Not too far from being a sport psychologists and scientists, Azuar and I collaborated with Dr Jolly (she is a sport psychologist) coming up with some interesting work in mapping up individual’s zone of optimal functioning among footballers. As a result of frequent association with footballers, Azuar came out fit as never before. Unfortunately, in the year 2007, Kelantan football team wasn’t as famous as in 2009 when the team enter the final league in the Malaysia Cup. I wonder whether Halim Napi was then (2007) the temperamental goalkeeper as in 2009 when he was found guilty of started the clash against Kedahan at Stadium Sultan Mohd IV. To the contrary, this study has shown that this particular goalkeeper (whoever he was) in the Kelantan football team didn’t show statistically significant different in term of his emotional intensity within group compared to striker, defender and midfielder (Slide 16). So, if he was Halim Napi, his name to some extent has been cleared, so to speak.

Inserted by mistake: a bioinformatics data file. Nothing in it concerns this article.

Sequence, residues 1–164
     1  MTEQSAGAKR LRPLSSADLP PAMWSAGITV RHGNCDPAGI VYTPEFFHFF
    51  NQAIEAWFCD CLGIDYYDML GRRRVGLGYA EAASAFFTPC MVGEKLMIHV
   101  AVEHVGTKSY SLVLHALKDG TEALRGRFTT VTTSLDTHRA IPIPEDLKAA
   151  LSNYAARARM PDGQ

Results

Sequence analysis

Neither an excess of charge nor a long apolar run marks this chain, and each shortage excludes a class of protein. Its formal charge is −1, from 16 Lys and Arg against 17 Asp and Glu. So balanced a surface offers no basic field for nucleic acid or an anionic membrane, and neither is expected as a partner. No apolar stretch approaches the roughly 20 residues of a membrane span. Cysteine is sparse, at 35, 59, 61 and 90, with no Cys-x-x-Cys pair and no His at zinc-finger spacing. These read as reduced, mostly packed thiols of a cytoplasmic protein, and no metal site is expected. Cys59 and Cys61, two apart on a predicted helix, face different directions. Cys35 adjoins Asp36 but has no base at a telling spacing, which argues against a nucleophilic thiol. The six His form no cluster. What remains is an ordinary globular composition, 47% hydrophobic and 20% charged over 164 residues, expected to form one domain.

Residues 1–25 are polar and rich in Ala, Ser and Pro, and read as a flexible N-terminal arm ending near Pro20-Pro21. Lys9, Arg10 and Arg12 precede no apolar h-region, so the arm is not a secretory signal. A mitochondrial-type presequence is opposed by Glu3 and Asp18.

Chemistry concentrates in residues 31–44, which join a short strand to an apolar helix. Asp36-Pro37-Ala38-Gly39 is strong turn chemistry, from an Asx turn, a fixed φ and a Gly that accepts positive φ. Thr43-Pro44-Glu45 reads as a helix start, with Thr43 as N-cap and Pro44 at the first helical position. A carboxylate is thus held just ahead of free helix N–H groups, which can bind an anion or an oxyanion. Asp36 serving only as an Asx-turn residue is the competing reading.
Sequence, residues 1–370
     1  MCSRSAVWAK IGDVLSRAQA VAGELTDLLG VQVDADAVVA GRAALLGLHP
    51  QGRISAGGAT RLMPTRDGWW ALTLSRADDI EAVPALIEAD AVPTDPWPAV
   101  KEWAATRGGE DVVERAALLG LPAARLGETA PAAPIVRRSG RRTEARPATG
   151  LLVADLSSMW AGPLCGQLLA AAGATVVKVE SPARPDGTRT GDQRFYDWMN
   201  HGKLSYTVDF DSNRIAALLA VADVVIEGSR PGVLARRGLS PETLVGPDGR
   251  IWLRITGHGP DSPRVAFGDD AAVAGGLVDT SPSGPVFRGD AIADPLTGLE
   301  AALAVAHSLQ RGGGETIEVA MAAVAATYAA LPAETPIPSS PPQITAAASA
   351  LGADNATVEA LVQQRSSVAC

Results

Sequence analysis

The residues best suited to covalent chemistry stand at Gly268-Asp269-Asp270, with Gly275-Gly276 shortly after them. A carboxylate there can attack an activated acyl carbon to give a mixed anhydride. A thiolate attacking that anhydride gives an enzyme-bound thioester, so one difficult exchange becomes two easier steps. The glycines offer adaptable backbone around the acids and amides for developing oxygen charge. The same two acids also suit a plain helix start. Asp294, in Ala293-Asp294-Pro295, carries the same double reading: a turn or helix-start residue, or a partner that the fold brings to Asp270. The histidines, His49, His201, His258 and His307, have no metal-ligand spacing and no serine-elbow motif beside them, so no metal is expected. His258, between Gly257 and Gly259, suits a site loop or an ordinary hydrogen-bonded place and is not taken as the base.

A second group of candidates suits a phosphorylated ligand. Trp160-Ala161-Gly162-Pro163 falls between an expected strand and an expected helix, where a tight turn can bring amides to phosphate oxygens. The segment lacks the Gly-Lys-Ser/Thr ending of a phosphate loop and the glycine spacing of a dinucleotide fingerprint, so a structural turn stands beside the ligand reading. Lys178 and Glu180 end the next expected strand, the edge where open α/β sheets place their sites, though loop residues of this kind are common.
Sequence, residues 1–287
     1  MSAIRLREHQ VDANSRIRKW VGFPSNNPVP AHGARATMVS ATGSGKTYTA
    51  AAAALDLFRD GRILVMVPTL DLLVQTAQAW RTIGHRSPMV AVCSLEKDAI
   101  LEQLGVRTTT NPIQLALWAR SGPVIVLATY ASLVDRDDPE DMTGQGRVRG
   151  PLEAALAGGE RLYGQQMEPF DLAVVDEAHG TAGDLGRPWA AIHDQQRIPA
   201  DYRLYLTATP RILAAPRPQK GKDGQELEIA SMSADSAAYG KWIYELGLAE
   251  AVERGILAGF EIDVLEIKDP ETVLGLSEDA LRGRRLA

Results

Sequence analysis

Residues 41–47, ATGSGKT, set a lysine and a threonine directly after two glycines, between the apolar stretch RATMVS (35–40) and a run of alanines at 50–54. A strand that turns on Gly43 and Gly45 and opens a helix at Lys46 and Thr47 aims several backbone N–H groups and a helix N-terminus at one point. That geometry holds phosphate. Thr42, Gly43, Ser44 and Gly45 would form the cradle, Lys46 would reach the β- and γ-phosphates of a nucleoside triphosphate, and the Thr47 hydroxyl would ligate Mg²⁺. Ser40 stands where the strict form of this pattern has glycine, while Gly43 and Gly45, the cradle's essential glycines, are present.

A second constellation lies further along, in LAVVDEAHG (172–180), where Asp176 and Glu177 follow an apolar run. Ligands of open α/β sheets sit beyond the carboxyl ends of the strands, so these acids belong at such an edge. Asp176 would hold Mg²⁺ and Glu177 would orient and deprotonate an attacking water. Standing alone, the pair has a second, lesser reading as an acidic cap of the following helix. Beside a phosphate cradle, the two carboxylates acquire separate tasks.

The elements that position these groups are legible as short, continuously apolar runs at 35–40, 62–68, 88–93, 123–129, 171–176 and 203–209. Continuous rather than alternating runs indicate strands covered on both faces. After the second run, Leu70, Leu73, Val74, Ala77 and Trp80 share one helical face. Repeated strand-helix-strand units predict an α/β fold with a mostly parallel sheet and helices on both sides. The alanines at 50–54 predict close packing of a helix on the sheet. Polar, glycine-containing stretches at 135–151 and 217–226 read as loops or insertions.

Believe me or not, in most instances as shown by this study there is not much different between what position you play and emotional intensity. It is your individual’s subjective experiences proved to contribute to the unique characteristic of your emotional content.

Last but not least, you got to believe me, negative emotions are also good and functional in competitive sport as what I’d watched in Discovery channel some time ago. In 1974 fight in Zaire, a 32-year old former world boxing champion Muhammad Ali fought the younger undefeated heavyweight champion, George Foreman who was heavily favored to win the fight. Ali used an unusual strategy he called “rope-a-dope” to tire Foreman. He then proceeded to knock Foreman out and win the championship. In this head-to-head competition, Ali used deception and anger, which are the negative emotion to get Foreman to overextend himself. The loss to Ali so demoralized Foreman that he retired from boxing at age 28.

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